It does well with nominal back-pressure on the stick to bank angles up to 45 degrees, while
allowing me to porpoise slightly above and below my entry altitude.
workout with me threading the needle of
marginal VFR, flying made more comfort-
able by the Garmin system’s active Terrain
and Obstacle avoidance software.
Thanks to the help of the avionics, an
accommodating Approach Control staffer
and a bit of a break, we managed to circumvent the weather and come around to TLH’s
Runway 27, landing in a rain squall that
dropped visibility to under three miles. But
by then, we were on the ground, safe and
sound, and feeling just a bit worked over
from the day’s flying—but only 146 miles
farther than our last stop.
;us ended any hopes of making Tampa;
we’d covered 513 nautical miles when we
needed closer to 690.
;e next day we filed for our o;cial end-
of-trip desitnation: Tampa Executive (VDF),
177 nautical miles away. Cruising across the
northeast elbow of the Gulf of Mexico we
found none of the tail winds the forecast
promised—but no winds to hinder our progress, either. After a little deviation o;-route to
give Kirby a look at the runway on Cedar Key,
we interrupted our progress to do some of the
air work that normally accompanies a pilot
report. ;at’s when the SkyCatcher showed me
how slowly it can stall—high 30 knots, no
break—and how well it handles steep turns
and roll reversals. It does well with nominal
back-pressure on the stick to bank angles up
to 45 degrees, while allowing me to porpoise
slightly above and below my entry altitude.
;e experience left me wishing we had
time to play more—but we needed to remain
goal-oriented and turned back on course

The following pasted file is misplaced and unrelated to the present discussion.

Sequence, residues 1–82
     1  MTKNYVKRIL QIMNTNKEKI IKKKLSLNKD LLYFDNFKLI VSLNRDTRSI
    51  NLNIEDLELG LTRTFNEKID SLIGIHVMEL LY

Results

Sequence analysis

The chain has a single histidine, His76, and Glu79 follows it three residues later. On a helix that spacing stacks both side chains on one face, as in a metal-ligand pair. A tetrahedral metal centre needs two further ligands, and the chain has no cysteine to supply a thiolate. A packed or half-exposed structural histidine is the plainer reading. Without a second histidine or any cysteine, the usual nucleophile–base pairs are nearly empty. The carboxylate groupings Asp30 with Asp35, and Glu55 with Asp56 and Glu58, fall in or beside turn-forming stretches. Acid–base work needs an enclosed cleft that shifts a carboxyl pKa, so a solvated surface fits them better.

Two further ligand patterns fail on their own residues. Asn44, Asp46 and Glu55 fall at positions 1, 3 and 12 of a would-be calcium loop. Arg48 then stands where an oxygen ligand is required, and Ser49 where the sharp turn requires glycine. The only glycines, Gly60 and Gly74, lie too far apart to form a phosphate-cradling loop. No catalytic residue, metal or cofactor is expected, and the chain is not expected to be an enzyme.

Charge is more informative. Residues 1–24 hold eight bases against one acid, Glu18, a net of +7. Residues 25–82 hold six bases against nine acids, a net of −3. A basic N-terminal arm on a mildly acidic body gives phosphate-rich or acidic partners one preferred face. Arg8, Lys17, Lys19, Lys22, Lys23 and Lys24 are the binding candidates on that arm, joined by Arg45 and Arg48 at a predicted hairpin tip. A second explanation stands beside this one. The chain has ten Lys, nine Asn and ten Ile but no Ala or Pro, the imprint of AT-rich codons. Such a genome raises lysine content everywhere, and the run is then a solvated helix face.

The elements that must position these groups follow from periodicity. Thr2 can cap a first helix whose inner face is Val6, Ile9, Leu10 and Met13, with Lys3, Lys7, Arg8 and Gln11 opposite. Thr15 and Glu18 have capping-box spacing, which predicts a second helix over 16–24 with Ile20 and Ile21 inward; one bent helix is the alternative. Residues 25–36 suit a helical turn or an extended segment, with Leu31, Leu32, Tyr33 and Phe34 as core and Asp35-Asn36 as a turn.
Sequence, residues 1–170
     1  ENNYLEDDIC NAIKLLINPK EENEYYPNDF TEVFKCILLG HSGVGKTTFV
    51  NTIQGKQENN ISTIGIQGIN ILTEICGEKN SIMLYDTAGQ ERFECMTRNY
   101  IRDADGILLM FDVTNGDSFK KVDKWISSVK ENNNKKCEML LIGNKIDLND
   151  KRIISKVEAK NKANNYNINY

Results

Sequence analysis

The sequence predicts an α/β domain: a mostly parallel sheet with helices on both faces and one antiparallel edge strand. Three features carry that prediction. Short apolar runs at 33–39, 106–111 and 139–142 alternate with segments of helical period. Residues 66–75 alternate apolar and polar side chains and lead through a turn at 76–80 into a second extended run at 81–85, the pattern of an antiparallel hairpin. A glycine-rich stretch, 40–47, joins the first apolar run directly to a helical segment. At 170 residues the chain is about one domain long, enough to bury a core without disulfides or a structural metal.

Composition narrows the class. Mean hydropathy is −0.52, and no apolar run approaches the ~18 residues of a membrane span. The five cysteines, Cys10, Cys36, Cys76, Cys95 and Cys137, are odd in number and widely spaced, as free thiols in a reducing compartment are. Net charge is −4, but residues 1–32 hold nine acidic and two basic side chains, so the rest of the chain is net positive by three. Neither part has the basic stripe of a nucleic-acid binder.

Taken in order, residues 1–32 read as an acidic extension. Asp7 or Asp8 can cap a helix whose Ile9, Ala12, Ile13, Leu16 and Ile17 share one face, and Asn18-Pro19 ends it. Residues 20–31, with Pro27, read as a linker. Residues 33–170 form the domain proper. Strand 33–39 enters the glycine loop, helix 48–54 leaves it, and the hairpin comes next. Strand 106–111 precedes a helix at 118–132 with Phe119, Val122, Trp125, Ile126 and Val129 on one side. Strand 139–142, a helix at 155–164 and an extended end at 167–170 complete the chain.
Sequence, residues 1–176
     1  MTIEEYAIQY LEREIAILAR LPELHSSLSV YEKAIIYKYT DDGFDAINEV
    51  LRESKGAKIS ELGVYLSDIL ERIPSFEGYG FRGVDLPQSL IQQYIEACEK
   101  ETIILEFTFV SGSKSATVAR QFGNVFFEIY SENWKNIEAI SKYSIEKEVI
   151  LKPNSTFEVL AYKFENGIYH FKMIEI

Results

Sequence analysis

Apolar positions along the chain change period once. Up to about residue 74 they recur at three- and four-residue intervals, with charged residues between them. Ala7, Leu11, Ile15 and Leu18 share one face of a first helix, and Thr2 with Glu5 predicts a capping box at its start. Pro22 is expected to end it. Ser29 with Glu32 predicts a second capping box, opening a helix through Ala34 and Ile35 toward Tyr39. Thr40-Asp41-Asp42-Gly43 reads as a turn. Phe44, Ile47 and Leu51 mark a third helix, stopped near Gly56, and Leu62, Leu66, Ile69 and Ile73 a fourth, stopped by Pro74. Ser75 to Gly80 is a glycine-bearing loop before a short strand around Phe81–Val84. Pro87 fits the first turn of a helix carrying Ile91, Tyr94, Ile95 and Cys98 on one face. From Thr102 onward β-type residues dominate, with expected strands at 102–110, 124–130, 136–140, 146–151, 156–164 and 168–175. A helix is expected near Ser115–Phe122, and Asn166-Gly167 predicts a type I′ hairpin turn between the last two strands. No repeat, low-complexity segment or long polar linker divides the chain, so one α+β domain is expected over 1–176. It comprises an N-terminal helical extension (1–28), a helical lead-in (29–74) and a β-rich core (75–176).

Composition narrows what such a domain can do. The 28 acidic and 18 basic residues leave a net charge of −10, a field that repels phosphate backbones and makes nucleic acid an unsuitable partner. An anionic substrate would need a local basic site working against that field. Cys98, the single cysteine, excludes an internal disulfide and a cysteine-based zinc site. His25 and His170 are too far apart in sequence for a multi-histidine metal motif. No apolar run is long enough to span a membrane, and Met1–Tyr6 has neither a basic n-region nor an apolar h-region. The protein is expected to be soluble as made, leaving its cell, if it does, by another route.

Just under two hours after starting
our 10th leg of the trip, VDF came into
sight. After setting up for a right base to
Runway 27, and a nice short slipped descent,
one of my better landings ended the o;cial
SkyCatcher odyssey from San Diego.
Nothing inferior about this sport
airplane: The SkyCatcher demonstrated
a;rmatively that a small sport plane with
the modest primary mission of flight training as well as fun flying o;ers capabilities
beyond its original intent—real travel,
covering real ground, some 1,940 nautical
miles from San Diego. And the C162 looks
as good as it flies.
Dave Higdon is a Wichita-based aviation writer/
photographer and 5,000-hour pilot who started his
career flying hang gliders and ultralights.
This spring EAA will take delivery of
SkyCatchers serial numbers 2 and 3. The
aircraft were donated by the Emil Buehler
Perpetual Trust to help inspire, motivate,
and challenge youth as well as to support the future of aviation.
The SkyCatchers will be used by EAA’s
Air Academy to provide 20-minute orientation flights to campers, and by EAA
sta; and volunteers at Pioneer Airport
to provide Young Eagles flights.
SkyCatcher No. 1 goes to Rose Pelton,
wife of Cessna CEO and President Jack
Pelton. After seeing the prototype
SkyCatcher, Rose remarked to Jack that
it looked like an airplane she’d enjoy
flying…and thus the fate of SkyCatcher
No. 1 was sealed.